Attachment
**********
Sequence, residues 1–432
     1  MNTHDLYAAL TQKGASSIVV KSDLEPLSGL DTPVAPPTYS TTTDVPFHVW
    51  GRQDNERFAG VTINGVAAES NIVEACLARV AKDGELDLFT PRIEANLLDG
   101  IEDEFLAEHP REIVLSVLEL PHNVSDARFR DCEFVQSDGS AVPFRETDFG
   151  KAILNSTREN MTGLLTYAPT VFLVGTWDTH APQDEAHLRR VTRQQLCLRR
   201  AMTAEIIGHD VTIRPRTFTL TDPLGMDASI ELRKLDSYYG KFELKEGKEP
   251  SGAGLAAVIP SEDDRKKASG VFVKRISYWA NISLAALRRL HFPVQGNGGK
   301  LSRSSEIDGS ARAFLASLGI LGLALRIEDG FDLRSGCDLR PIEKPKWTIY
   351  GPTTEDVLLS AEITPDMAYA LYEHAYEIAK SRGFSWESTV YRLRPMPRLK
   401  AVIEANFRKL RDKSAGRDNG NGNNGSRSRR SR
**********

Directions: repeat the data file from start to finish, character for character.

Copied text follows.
Sequence, residues 1–432
     1  MNTHDLYAAL TQKGASSIVV KSDLEPLSGL DTPVAPPTYS TTTDVPFHVW
    51  GRQDNERFAG VTINGVAAES NIVEACLARV AKDGELDLFT PRIEANLLDG
   101  IEDEFLAEHP REIVLSVLEL PHNVSDARFR DCEFVQSDGS AVPFRETDFG
   151  KAILNSTREN MTGLLTYAPT VFLVGTWDTH APQDEAHLRR VTRQQLCLRR
   201  AMTAEIIGHD VTIRPRTFTL TDPLGMDASI ELRKLDSYYG KFELKEGKEP
   251  SGAGLAAVIP SEDDRKKASG VFVKRISYWA NISLAALRRL HFPVQGNGGK
   301  LSRSSEIDGS ARAFLASLGI LGLALRIEDG FDLRSGCDLR PIEKPKWTIY
   351  GPTTEDVLLS AEITPDMAYA LYEHAYEIAK SRGFSWESTV YRLRPMPRLK
   401  AVIEANFRKL RDKSAGRDNG NGNNGSRSRR SR